What Is Diabetes?

We hear a lot about diabetes symptoms in the news and in doctor’s offices, but what exactly is it and how does it affect the body?

Diabeties is the name of a group of diseases in which the body is unable to properly utilize blood sugar (glucose) for energy.

© Ratmaner | Dreamstime.com

People who haven’t encountered it may wonder, “What is diabetes?” Also known as diabetes mellitus, diabetes is the name of a group of diseases in which the body is unable to properly utilize blood sugar (glucose) for energy.

There are three primary forms—diabetes type 1, diabetes type 2, and gestational diabetes—and, in each case, the body is unable to effectively move the glucose that results from the metabolism of the sugar and starches we eat into the cells of our muscles, brain, and other vital tissues.

The net result when you experience diabetes symptoms is that the body’s cells are deprived of their energy source and the blood sugar or glucose builds up in the blood.

The Insulin Factor

So how do you get diabetes? In type 1 diabetes, the body does not produce sufficient quantities of insulin, the hormone responsible for allowing glucose to enter the body’s cells. Insulin is produced in the beta cells of the pancreas, an organ located deep in the abdomen. Type 1 diabetes was formerly known as juvenile diabetes because the vast majority of people who develop it do so in childhood or early adulthood. Of all the people who have some form of diabetes, only 5 percent have type 1 diabetes.

Type 2 diabetes represents 90 to 95 percent of all cases of diabetes in adults and typically has an older peak age of onset than type 1 diabetes. In type 2 diabetes symptoms, the cells of the body, but particularly those of the fat, liver, and muscle tissue, have some degree of resistance to the effects of insulin. The beta cells of the pancreas will initially attempt to produce more insulin in an effort to overcome the rising blood glucose levels, but, in most cases, they will not be able to sustain this increased production and become dysfunctional.

There is a range of root problems among people who have type 2 diabetes. Some individuals have significant insulin resistance and only minor beta cell dysfunction while others have minor insulin resistance but significant beta cell dysfunction. For each individual, the nature of their root problem will often dictate what type of treatment they receive.

Prediabetes and Gestational Diabetes

A more recently recognized condition that’s on the rise is called prediabetes. People with prediabetes have blood glucose levels that are higher than normal but not high enough to be classified as diabetes.

These elevated blood glucose levels, as in type 2 diabetes, are the result of insulin resistance. These individuals have an increased risk of developing type 2 diabetes; in fact, many go on to develop type 2 diabetes within 10 years of being diagnosed with prediabetes.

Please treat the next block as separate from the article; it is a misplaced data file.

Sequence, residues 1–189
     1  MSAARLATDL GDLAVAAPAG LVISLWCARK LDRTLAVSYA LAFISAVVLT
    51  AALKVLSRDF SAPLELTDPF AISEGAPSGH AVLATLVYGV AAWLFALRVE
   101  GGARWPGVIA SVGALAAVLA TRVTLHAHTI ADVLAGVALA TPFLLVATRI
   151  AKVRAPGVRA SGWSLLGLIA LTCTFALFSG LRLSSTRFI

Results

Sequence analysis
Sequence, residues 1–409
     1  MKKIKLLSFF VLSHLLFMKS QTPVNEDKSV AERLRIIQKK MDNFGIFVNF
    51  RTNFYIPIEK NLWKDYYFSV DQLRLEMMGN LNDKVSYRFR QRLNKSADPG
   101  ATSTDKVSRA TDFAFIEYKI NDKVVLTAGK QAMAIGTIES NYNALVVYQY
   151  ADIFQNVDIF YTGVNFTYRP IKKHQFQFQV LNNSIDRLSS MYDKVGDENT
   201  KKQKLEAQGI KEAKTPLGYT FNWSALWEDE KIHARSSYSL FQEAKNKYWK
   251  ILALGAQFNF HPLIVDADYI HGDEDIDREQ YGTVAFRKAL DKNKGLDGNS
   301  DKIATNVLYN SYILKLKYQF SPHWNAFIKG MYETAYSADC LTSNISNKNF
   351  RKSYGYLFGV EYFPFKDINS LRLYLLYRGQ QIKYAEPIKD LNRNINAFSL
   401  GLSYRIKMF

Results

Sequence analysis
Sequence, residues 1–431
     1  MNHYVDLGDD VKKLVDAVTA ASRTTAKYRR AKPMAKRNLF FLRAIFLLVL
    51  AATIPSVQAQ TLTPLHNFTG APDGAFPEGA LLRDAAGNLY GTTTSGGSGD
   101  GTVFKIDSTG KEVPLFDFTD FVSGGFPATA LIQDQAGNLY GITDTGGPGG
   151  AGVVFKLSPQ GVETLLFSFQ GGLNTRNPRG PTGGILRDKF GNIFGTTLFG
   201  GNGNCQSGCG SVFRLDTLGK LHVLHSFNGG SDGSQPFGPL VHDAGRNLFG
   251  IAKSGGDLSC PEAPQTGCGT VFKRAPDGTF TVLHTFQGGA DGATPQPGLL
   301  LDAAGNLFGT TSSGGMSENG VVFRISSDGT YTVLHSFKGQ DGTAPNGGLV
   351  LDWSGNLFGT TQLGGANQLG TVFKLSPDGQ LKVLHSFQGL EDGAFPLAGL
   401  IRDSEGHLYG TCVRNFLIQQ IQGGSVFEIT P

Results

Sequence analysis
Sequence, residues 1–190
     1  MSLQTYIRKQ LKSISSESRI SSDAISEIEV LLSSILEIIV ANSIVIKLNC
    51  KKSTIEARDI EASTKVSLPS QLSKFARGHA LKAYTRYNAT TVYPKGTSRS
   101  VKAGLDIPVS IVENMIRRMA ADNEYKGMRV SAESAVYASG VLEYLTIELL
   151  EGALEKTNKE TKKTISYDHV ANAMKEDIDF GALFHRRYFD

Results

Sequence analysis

Gestational diabetes is a condition that usually develops around the 24th week of pregnancy. During pregnancy the placenta produces hormones that support the baby as it grows and develops. These hormones, however, have the added effect of causing the mother’s cells to become more resistant to insulin.

In a normal pregnancy, the mother’s pancreas would be able to produce enough extra insulin to account for this resistance, but in gestational diabetes, the pancreas is not able to do this and the mother’s blood glucose levels become elevated. Some reports estimate that as many as 9 percent of pregnant women will develop gestational diabetes.

For further reading, see these University Health News posts:

For diabetics, diet information is important. Visit these pages for information on what to eat and what to avoid:

See also “Glycemic Index Chart: GI Ratings for Hundreds of Foods.”

Originally posted in May 2016 and updated.

As a service to our readers, University Health News offers a vast archive of free digital content. Please note the date published or last update on all articles. No content on this site, regardless of date, should ever be used as a substitute for direct medical advice from your doctor or other qualified clinician.

Tags: , , , , , , , , , , , , , , , , , , , , , , , , , , , , , , , , , , , , ,

Helen Boehm Johnson, MD

Helen Boehm Johnson, MD, is a medical writer who brings the experience of a residency-trained physician to her writing. She has written Massachusetts General Hospital’s Combating Memory Loss report (2019, 2020, … Read More

View all posts by Helen Boehm Johnson, MD

Enter Your Login Credentials
This setting should only be used on your home or work computer.